1. Tech Startups: Many tech startups often operate at a loss in their initial years due to high R&D costs, marketing costs, and other operational expenses. They typically do not generate profits in their initial phase. This loss is called a Net Operating Loss (NOL). Such start-ups often use these losses to offset future taxable income once the company starts generating profits, reducing their future tax liabilities.2. Airlines’ Industry: The airline industry is known to have high operating costs along with high market competition. For instance, after the events of September 11, 2001, airlines like American Airlines reported significant net operating losses due to reduced travel. Also, the recent COVID-19 pandemic has led to massive NOLs in the aviation industry due to travel restrictions worldwide. 3. Retail Sector: Large retail chains like Sears and JCPenney reported substantial net operating losses over consecutive years due to steep declines in sales and profits, increased operating costs, and stronger competition. These NOLs can be used to offset future profitable years or can be carried back to offset taxes paid in more profitable years, depending on the tax laws.

Frequently Asked Questions(FAQ)

What is Net Operating Loss (NOL)?

Net Operating Loss (NOL) refers to a period in which a company’s allowable tax deductions are greater than its taxable income, resulting in a negative taxable income. It is essentially a loss incurred by a company from its business operations.

How is NOL calculated?

NOL is calculated by subtracting total deductions from the total taxable income. The calculation typically excludes income from tax exemptions and items of non-business income or expense.

What can a company do with its NOL?

A company can use its NOL to offset taxable income in future years. This is known as carrying forward the loss. Some tax laws also allow firms to apply a NOL to past tax returns—this is called carrying back the loss.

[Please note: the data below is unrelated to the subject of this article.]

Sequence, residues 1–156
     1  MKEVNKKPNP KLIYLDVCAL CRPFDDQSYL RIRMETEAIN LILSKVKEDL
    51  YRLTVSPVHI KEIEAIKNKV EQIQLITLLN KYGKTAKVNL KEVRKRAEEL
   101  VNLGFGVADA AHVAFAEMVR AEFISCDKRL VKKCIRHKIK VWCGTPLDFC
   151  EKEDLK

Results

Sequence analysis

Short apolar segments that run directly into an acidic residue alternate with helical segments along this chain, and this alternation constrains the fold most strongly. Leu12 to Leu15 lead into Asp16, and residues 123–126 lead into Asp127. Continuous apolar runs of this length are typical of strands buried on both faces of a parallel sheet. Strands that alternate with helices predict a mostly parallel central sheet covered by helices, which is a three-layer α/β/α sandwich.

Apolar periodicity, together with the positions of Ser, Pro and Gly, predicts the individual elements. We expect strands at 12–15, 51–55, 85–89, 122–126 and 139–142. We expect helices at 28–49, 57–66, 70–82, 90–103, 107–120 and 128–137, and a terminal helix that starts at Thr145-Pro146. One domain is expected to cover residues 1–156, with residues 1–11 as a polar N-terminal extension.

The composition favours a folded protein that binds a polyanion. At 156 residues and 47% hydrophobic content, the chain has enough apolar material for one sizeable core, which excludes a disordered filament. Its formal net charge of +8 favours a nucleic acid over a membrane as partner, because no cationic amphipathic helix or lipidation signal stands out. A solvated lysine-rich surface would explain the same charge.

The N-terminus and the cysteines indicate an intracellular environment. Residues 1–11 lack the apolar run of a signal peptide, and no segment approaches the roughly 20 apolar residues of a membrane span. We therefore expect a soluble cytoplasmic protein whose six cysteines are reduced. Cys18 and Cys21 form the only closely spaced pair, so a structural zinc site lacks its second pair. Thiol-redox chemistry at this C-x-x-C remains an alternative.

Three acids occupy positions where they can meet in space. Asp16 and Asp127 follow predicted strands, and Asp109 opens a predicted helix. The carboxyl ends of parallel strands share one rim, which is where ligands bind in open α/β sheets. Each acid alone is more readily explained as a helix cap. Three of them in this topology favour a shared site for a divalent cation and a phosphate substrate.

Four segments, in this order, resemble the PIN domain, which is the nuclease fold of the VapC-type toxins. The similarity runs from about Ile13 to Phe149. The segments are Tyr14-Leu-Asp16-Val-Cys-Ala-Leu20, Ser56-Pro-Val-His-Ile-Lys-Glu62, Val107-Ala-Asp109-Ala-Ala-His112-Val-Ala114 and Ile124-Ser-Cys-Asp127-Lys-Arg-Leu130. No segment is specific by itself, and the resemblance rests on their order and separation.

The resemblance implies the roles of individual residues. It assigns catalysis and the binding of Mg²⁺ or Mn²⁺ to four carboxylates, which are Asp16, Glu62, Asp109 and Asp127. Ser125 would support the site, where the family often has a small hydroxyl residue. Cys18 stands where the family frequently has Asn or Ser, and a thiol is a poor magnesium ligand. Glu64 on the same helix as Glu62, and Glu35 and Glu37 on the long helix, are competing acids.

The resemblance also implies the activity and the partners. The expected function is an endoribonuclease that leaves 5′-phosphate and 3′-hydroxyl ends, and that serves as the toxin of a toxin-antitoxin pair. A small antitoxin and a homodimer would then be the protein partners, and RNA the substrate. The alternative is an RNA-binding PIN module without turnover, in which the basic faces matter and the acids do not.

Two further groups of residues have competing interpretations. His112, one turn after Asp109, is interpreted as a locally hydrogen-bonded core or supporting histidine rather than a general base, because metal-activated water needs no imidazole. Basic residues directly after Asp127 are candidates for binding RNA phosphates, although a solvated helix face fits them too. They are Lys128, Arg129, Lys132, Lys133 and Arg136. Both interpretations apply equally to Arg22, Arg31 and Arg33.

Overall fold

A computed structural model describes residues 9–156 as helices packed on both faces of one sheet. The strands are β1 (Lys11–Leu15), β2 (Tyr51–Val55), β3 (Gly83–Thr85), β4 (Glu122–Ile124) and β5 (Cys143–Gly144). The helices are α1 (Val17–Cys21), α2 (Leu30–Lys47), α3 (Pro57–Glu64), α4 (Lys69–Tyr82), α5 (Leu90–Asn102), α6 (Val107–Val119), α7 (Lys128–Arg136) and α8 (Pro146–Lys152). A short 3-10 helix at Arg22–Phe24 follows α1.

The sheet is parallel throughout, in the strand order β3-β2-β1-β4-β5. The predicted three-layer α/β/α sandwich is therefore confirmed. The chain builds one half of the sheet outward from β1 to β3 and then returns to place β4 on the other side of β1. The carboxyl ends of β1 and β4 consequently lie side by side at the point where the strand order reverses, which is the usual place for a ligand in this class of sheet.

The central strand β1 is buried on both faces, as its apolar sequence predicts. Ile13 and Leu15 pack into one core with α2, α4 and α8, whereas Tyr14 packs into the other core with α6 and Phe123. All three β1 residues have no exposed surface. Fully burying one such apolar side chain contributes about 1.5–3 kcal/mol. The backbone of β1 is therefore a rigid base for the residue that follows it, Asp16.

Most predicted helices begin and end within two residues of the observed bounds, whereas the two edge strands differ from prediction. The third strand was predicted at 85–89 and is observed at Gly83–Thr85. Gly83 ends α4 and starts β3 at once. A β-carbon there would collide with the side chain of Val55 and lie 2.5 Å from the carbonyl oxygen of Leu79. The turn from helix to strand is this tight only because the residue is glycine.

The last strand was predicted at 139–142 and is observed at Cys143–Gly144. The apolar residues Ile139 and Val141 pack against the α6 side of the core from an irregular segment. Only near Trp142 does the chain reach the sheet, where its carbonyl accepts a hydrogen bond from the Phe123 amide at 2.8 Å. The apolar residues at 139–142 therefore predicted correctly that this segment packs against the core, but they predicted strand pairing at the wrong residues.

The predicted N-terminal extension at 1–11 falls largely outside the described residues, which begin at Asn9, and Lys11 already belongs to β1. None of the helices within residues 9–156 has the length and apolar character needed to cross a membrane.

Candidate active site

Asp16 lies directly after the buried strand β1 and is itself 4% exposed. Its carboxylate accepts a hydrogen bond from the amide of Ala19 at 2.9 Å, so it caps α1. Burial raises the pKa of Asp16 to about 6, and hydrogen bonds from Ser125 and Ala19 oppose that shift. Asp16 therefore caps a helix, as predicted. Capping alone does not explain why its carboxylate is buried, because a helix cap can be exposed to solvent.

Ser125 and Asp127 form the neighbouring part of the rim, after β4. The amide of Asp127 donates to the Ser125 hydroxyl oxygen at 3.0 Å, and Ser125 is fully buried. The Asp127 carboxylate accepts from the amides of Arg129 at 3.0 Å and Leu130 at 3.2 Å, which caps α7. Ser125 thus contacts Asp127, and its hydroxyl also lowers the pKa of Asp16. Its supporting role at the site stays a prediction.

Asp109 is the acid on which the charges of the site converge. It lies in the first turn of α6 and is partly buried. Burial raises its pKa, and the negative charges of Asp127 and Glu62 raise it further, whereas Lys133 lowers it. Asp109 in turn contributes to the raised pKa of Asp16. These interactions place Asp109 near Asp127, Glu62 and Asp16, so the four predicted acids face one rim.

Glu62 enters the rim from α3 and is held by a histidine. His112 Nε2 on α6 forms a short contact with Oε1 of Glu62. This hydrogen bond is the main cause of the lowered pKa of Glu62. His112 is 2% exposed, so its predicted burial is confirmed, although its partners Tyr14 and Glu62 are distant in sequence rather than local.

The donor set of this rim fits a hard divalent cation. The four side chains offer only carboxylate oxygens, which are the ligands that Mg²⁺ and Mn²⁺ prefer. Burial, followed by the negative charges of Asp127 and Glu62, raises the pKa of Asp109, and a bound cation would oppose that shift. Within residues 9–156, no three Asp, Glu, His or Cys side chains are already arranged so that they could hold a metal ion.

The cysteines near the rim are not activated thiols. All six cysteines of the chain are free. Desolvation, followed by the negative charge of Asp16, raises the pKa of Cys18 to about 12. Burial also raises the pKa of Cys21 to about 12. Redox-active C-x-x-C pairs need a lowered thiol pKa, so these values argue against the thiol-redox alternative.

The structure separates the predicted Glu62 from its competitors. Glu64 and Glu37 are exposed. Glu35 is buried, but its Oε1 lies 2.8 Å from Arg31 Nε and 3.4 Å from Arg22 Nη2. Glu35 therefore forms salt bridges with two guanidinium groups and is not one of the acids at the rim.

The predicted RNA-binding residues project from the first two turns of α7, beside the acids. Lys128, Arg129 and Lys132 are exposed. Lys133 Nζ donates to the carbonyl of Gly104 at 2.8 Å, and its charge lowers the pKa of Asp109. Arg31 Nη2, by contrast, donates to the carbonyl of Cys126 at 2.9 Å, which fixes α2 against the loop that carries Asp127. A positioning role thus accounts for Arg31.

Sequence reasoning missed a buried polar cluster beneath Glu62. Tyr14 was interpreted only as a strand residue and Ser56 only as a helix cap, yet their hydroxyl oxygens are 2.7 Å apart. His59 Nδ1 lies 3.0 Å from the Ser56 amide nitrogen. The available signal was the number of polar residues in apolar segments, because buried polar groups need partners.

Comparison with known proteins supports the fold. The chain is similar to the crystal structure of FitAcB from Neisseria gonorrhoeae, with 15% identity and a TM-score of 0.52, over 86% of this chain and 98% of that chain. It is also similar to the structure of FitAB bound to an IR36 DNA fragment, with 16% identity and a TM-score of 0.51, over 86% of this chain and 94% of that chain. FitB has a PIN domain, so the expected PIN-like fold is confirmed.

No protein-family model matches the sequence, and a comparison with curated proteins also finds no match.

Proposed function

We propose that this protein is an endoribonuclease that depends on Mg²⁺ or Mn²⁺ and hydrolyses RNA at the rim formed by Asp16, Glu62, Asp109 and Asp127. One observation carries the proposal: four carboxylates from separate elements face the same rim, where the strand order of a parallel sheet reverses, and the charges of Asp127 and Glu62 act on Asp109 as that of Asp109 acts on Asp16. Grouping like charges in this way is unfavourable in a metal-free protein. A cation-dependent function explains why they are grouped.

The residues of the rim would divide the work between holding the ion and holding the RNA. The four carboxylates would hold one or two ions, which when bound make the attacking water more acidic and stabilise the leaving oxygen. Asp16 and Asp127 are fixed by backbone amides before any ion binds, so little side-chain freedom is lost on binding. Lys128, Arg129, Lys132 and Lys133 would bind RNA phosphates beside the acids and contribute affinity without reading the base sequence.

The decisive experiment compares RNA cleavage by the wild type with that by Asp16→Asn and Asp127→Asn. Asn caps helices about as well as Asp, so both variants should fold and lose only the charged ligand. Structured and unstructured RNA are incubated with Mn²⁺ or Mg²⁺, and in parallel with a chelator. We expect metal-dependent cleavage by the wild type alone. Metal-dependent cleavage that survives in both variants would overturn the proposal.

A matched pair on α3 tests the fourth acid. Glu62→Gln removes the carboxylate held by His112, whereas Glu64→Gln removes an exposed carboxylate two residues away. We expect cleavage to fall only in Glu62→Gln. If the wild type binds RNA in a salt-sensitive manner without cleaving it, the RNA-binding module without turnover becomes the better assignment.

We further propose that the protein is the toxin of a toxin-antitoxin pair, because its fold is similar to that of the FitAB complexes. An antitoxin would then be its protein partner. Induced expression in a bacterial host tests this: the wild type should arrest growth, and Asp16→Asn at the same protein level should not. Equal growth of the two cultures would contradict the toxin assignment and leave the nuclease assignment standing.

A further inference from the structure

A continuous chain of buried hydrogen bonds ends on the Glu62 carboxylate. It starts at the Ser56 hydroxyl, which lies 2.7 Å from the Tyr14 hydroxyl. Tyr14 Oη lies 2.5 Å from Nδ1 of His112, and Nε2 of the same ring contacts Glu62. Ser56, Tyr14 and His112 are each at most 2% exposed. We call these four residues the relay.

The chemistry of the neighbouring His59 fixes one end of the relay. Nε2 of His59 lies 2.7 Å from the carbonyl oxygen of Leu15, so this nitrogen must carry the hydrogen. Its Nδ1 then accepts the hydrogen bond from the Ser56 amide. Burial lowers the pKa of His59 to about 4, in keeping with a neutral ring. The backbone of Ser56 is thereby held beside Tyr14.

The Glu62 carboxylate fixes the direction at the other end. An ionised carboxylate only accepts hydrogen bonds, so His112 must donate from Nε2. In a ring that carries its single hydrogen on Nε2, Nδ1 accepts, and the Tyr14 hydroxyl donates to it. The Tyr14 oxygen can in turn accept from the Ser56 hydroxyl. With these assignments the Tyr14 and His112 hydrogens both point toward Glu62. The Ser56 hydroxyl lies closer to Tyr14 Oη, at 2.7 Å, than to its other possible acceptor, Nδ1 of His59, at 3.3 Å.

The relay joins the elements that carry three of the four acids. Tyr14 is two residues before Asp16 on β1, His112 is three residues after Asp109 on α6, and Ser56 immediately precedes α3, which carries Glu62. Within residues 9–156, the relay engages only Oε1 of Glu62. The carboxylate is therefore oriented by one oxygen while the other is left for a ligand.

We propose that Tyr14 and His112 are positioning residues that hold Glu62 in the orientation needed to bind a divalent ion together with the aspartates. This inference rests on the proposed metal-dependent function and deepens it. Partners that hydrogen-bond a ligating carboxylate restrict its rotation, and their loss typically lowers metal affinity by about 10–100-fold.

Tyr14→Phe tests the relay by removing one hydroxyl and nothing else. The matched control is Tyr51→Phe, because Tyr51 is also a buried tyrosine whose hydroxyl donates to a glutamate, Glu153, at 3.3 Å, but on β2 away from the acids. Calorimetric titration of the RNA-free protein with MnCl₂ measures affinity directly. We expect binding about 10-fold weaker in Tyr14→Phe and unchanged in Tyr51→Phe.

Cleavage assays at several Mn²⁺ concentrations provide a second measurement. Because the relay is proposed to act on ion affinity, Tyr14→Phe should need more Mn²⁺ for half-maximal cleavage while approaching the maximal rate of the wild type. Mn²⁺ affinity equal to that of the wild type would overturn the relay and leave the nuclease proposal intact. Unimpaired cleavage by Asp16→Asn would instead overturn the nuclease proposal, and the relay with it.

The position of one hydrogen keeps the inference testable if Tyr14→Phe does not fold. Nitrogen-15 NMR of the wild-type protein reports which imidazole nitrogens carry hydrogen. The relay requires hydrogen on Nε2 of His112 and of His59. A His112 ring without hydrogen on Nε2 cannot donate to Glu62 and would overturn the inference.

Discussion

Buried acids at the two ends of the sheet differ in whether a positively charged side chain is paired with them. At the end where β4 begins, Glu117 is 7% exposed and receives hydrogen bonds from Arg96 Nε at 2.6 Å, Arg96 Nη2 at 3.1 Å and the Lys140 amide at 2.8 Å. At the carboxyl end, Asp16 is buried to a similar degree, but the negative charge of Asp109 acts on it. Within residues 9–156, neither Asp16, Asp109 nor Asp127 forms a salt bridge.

How long can a Net Operating Loss be carried forward or back?

The specifics depend on jurisdiction and tax regulation, but as per the new U.S tax law effective from 2018, NOLs can be carried forward indefinitely while carrybacks are disallowed for most businesses.

How does NOL benefit a company?

NOL can be beneficial to a company by reducing its total taxable income and thereby decreasing its overall tax liabilities in profitable years. It can provide significant tax relief following a year of poor financial performance.

Does every business report a NOL?

No, not every business will report a NOL. Only businesses that have incurred losses from their operations in a given tax year will report a NOL for that year.

Can an individual have a NOL?

Yes, a self-employed individual or a sole proprietor who has a loss from their business may have a NOL. This happens when their deductions exceed their income.

How does a company report a NOL to the IRS?

Reporting a NOL to the IRS usually involves recording the loss on a tax return in the year it occurred, then recording the carrybacks or carryforwards on amended or future tax returns to offset taxable income. It’s advisable to consult a tax professional or accountant for specific steps or guidance.

How does NOL affect a company’s financial statements?

A NOL doesn’t directly impact a company’s financial statements as it’s primarily used for tax filing purposes. However, the potential deferred tax asset resulting from the NOL carryforwards can be included in the balance sheet.

Related Finance Terms

  • Carryback
  • Carryforward
  • Tax Deductions
  • Corporate Tax
  • Profit and Loss Statement